Natasha Bakht (left) and Lynda Collins pose with their son, Elaan. Photo: Zainab Al-Mehdar.
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Case extends beyond joint custody according to profs, both recognized as parents

Two University of Ottawa law professors have become the first women in Canada to co-parent a child outside of a romantic relationship.

In an interview with the Fulcrum on March 31, Natasha Bakht and Lynda Collins said that it all began when Bakht opted to conceive a child in 2009 using donor sperm, and Collins, her long-time best friend, chose to be her “birth coach.”  

“In terms of the lived reality of our family, we already had been a family for years,” said Collins.

According to both women, Collins often attended parent-teacher meetings and doctor appointments for Bakht’s son, Elaan, while still not officially being recognized as a legal guardian.

“(Collins) was acting as a parent for (Elaan), and we just wanted law to catch up with life,” said Bakht.

The two women decided to go through the Children’s Law Reform Act, which allows anyone to apply to a court and self-declare to be the parent of a child.

By the time they took their case to court in 2015, Bakht and Collins’ case was a first: two platonic friends choosing to co-parent a child in Canada.

To win their case, Bakht and Collins had to provide documentation proving that Collins would be a suitable and qualified parent to Elaan. This is particularly important because Elaan was born with a severe form of cerebral palsy that means he requires constant care.

“We got the declaration within a matter of months” continued Collins. “The only reason it took us so long to gather all those affidavits was it was a rough couple of years—Elaan was in and out of hospitals.”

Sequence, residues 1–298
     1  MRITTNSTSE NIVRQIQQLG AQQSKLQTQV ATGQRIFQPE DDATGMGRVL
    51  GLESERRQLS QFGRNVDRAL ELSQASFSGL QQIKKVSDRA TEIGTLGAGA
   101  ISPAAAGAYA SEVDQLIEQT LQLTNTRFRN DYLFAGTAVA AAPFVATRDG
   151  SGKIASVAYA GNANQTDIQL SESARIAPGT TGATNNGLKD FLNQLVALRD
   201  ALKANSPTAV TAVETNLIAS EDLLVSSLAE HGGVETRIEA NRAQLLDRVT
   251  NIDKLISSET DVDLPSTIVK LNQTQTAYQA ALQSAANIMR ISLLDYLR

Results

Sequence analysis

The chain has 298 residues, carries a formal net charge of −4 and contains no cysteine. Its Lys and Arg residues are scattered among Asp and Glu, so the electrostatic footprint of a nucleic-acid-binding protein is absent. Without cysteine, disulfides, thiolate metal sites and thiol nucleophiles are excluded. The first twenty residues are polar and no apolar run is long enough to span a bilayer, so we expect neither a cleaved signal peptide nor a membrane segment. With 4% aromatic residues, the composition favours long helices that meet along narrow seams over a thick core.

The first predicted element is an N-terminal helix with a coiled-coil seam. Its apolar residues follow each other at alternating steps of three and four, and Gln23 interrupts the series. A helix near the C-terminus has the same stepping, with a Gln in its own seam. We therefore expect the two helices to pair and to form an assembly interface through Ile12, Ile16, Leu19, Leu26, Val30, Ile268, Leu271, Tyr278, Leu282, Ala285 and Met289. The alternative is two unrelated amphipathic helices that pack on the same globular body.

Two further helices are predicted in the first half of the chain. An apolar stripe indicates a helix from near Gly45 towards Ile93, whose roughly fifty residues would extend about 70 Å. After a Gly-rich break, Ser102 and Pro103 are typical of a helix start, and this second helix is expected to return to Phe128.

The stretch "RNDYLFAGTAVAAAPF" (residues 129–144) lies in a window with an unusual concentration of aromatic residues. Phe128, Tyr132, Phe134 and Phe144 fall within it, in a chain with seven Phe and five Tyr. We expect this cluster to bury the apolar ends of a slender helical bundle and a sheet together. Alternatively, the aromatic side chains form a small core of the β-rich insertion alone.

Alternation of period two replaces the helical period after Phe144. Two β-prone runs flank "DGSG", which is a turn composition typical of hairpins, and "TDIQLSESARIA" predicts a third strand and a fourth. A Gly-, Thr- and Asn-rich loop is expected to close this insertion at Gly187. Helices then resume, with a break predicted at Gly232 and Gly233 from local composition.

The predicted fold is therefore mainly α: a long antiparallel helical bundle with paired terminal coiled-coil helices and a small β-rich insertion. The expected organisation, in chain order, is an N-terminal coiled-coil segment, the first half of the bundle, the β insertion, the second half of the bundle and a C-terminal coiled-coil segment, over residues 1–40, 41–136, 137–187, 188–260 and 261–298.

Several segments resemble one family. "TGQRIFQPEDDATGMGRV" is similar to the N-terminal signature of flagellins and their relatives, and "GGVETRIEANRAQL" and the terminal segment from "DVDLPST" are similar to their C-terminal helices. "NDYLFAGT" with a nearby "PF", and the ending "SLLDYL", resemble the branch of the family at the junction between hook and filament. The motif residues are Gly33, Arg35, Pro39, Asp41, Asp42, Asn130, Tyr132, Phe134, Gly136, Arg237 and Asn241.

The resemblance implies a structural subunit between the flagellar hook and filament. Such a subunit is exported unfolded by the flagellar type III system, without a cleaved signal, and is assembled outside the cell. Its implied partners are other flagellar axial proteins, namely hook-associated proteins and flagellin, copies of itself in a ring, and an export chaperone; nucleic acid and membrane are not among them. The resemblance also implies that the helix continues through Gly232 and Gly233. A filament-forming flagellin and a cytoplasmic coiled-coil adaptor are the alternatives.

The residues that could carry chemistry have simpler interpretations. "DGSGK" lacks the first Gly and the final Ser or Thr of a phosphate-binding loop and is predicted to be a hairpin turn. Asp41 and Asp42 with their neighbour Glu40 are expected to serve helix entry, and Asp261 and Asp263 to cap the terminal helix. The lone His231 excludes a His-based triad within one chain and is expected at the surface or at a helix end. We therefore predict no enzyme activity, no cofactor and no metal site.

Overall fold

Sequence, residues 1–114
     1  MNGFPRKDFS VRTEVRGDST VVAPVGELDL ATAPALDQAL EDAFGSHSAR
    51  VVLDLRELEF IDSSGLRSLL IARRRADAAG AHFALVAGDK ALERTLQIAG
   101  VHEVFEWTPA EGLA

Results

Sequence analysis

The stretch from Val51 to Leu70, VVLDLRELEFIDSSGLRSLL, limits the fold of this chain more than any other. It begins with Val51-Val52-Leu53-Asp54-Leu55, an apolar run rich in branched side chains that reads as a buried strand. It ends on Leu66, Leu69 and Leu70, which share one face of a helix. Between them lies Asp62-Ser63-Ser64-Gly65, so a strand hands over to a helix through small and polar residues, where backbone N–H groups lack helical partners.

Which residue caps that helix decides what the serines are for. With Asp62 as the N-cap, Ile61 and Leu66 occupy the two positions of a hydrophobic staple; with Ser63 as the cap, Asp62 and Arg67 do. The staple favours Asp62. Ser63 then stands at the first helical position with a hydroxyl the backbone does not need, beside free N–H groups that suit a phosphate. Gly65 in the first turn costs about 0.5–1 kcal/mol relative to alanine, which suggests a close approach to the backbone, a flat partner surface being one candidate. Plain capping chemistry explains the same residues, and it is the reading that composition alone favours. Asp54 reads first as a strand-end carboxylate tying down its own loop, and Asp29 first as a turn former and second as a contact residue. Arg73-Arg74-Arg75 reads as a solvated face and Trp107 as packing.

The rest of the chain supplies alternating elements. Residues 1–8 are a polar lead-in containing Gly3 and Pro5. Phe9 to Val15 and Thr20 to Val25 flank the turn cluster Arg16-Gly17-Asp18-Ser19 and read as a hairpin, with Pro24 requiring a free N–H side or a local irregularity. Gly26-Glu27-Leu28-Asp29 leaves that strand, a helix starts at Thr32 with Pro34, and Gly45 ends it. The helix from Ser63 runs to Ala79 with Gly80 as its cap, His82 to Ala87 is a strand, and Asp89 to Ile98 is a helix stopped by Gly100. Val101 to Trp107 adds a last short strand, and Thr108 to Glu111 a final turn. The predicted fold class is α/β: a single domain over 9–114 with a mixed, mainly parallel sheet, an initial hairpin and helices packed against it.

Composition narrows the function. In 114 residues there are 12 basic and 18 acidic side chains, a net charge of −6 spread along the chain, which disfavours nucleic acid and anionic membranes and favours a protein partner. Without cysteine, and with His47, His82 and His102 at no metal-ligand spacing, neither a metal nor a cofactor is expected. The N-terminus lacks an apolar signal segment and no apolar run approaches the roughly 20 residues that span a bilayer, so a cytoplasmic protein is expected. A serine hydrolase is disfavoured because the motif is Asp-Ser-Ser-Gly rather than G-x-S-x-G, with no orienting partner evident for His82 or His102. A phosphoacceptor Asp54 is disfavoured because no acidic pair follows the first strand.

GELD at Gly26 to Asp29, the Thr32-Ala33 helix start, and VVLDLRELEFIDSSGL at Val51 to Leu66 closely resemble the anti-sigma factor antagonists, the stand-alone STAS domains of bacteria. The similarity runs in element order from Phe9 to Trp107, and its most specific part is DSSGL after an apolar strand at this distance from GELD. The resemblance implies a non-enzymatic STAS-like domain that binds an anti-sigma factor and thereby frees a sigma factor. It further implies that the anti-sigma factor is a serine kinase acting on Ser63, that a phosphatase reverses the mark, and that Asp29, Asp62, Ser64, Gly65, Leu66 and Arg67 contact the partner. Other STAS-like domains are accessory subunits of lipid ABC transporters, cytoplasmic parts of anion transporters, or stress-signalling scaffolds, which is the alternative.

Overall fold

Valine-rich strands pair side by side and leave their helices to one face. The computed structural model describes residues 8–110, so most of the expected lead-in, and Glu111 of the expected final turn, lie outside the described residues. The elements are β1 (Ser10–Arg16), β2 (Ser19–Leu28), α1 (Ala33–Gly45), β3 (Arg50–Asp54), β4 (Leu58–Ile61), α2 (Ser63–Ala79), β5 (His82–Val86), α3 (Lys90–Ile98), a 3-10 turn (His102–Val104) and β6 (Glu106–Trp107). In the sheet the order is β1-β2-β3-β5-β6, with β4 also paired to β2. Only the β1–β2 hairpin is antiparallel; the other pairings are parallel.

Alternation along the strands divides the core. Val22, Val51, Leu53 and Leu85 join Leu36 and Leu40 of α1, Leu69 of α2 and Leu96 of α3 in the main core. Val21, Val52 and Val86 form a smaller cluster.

Bakht explained that the challenge was not over getting Collins joint custody, but over making her the legal parent of Bakht’s son.

According to Bakht, joint custody refers to a grandparent or an aunt, which can easily be granted by the court, but “to be declared a parent in this context is special.”

“It’s a lifelong relationship that can’t be undone,” continued Collins.

What this means for the family is that if Collins were to write a will, Elaan would be eligible as her next-of-kin, whereas the situation would be much different for someone who has joint custody.

Bakht also believes that winning this case provides her with a sense of security since, if anything happens to her, “there is another parent there who’s going to take care of (Elaan).”

According to the two women, they “expected a small story to come out,” but instead they have received “so much interest,” and hope to share their story with the general public.

Being a family law professor, Bakht hopes that other people can learn from their unique arrangement.  

In terms of their own families’ reaction to winning their case, Bakht said, “we have been very fortunate that people have been incredibly positive.”

To these long-time best friends, they were already a family to begin with—winning this recent court case was just a simple formality.